I am a Maker

There are no quilters in my family tree, but there are knitters and crocheters.

My Nana made a granny square blanket for each of her 21 grandchildren, and was working on the greats when she passed.

One grandmother was known as the Mad Knitting Woman of Tauranga….or so my mother tells me. She never gained her drivers licence, so walked all over town, needles tucked under her arms, and wool in her bag, knitting steadily away. Her 6 kids trailed behind her by some distance, trying to pretend they were at best, only distantly related. When she died a few years ago, her pensioner flat was filled with wool, and 27 cans of peaches (another story altogether).

Needless to say, my mother did not knit much herself. She finally gave up knitting my daughters newborn matinee jacket a couple of years ago, when my daughter was about 19. It had been sucked up the vacuum cleaner a couple of times, and was covered in dust bunnies. Luckily my MIL was more committed to keeping the cold away from her precious first-born grandchild!

I started sewing after that same daughter was born. We kindly described her at the time as being built like a front-row prop (a rugby reference), and she had a head too large to fit through the opening of any store-bought clothes. So, I learnt to sew sweatshirts and t-shirts for her. When she grew into her head (sort of like a puppy), I downed tools.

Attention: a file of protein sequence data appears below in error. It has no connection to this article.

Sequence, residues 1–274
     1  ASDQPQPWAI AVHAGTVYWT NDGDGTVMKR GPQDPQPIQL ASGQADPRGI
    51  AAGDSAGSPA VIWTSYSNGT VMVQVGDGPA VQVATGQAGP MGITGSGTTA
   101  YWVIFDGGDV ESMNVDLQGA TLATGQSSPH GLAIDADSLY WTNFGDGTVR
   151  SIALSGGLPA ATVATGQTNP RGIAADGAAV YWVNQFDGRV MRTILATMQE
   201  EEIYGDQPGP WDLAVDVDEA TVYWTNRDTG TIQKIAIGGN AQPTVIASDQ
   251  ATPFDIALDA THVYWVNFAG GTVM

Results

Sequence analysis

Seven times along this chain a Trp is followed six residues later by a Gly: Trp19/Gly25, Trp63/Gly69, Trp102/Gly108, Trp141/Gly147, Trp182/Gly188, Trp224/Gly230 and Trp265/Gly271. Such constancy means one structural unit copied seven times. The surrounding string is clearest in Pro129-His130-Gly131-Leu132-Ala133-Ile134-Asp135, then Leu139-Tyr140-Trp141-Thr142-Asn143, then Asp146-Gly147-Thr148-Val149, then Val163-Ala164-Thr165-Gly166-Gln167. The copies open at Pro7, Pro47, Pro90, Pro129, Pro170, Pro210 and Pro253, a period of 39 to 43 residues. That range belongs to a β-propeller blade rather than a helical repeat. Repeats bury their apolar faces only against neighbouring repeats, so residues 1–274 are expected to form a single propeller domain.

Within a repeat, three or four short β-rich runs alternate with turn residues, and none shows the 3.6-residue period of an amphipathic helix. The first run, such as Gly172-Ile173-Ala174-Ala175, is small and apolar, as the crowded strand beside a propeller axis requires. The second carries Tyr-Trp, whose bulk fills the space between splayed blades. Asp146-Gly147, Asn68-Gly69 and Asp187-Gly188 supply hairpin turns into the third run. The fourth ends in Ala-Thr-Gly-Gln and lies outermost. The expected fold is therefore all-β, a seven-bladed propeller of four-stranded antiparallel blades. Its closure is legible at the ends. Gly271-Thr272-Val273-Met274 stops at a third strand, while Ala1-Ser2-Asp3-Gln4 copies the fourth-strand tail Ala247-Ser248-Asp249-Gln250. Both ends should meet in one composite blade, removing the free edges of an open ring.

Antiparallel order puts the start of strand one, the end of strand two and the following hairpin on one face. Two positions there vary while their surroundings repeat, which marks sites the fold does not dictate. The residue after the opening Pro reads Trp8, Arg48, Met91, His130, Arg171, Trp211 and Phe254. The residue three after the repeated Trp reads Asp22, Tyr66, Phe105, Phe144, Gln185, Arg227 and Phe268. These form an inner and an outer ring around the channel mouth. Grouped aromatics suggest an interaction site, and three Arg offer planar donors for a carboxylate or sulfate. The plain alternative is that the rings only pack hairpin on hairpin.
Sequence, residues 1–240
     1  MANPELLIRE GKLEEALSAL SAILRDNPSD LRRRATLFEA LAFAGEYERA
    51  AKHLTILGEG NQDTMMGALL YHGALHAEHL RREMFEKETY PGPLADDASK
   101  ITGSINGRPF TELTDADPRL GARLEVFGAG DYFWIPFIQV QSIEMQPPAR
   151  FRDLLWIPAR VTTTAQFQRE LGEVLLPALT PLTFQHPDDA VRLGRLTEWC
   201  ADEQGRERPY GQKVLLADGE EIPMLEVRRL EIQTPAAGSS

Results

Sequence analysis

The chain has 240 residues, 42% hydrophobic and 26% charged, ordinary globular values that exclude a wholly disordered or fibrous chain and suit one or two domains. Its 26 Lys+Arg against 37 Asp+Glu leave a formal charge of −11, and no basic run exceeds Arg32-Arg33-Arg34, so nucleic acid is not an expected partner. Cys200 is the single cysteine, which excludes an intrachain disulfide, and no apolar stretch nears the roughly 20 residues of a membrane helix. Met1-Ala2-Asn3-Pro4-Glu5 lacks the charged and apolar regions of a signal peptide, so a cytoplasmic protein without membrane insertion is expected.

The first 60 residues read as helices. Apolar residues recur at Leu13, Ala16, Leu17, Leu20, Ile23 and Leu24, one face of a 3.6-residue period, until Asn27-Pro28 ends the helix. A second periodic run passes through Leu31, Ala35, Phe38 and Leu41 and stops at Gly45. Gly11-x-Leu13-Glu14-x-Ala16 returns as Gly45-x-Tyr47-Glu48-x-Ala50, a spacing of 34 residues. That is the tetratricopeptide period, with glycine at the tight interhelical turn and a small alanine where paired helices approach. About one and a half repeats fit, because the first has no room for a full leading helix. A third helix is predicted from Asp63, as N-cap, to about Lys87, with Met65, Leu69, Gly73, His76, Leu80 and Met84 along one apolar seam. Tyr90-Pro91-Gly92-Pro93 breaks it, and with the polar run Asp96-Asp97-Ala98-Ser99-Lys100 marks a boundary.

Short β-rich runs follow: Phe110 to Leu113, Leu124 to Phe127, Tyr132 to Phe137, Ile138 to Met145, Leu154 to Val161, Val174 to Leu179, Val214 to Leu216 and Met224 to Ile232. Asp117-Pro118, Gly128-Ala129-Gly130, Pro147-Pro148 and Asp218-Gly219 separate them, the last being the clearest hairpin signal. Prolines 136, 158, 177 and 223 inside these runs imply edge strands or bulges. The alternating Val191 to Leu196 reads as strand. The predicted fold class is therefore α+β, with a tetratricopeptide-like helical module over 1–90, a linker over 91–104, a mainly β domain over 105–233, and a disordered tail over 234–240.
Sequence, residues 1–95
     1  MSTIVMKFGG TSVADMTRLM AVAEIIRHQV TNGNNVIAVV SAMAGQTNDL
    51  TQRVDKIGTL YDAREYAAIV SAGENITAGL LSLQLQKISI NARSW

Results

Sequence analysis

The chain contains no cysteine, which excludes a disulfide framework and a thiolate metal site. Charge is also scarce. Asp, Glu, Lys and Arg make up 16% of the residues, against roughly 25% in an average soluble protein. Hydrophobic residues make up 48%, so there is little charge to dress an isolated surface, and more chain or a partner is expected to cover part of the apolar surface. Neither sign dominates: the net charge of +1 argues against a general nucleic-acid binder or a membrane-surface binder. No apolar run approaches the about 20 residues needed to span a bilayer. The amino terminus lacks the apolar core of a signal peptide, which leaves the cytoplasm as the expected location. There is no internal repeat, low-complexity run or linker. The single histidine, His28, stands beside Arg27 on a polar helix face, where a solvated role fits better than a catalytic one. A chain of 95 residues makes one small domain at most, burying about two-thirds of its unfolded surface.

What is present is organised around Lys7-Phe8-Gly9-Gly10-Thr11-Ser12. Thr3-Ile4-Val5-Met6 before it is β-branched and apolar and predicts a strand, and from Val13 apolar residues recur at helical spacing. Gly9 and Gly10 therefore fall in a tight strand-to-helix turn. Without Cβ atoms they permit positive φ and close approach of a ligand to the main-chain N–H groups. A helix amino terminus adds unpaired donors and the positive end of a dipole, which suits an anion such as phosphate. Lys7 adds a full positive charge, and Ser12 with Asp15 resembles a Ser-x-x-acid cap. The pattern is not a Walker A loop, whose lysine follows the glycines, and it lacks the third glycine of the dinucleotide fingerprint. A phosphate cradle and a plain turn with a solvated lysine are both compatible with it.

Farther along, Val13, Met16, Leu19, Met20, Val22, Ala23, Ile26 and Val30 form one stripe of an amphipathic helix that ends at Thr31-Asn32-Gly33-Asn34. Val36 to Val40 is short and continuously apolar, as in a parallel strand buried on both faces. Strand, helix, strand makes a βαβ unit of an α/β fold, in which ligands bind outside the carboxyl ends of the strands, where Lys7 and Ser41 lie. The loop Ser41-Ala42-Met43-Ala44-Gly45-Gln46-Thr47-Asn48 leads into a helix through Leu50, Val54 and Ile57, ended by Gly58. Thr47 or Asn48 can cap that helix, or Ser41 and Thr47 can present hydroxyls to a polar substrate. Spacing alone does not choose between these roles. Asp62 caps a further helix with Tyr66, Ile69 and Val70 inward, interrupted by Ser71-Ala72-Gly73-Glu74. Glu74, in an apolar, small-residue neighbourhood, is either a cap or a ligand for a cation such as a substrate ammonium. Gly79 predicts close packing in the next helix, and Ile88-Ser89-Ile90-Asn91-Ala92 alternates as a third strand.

My first attempt at quilting travelled up and down the North Island for six years, as we shifted for my husbands work. It was a stain-glass window pattern, quilt as you go, and king-sized. Slightly ambitious for a first project. Eventually I gave up, and paid a local quilt maker to bind and finish the final quilting.

I promised myself I would start quilting again when I finished studying. Unfortunately I was in the process of undertaking the longest doctoral programme in the history of my department (according to my supervisor). So, I collected fabric, since technically that wasn’t quilting.

The 82 leftover blocks from the Pansy Monstrosity quilt.
The 82 leftover blocks from the Pansy Monstrosity quilt.

Twenty eight pansy fabrics later, my thesis was handed in, and I returned to quilting. The result is what I call the Pansy Monstrosity, and it’s so bad I can’t bear to finish it.

Daughter #2’s workspace, formerly known as the dining table.

Meanwhile, I am training up the next generation. Daughter #2 started young, and has no fear. I turn to her for advice about anything craft related. As a child of the digital age there is no problem she cannot solve, or skill she cannot learn.

….though she is also following me into a serious chocolate addiction (note giant-sized Kit Kat in foreground).


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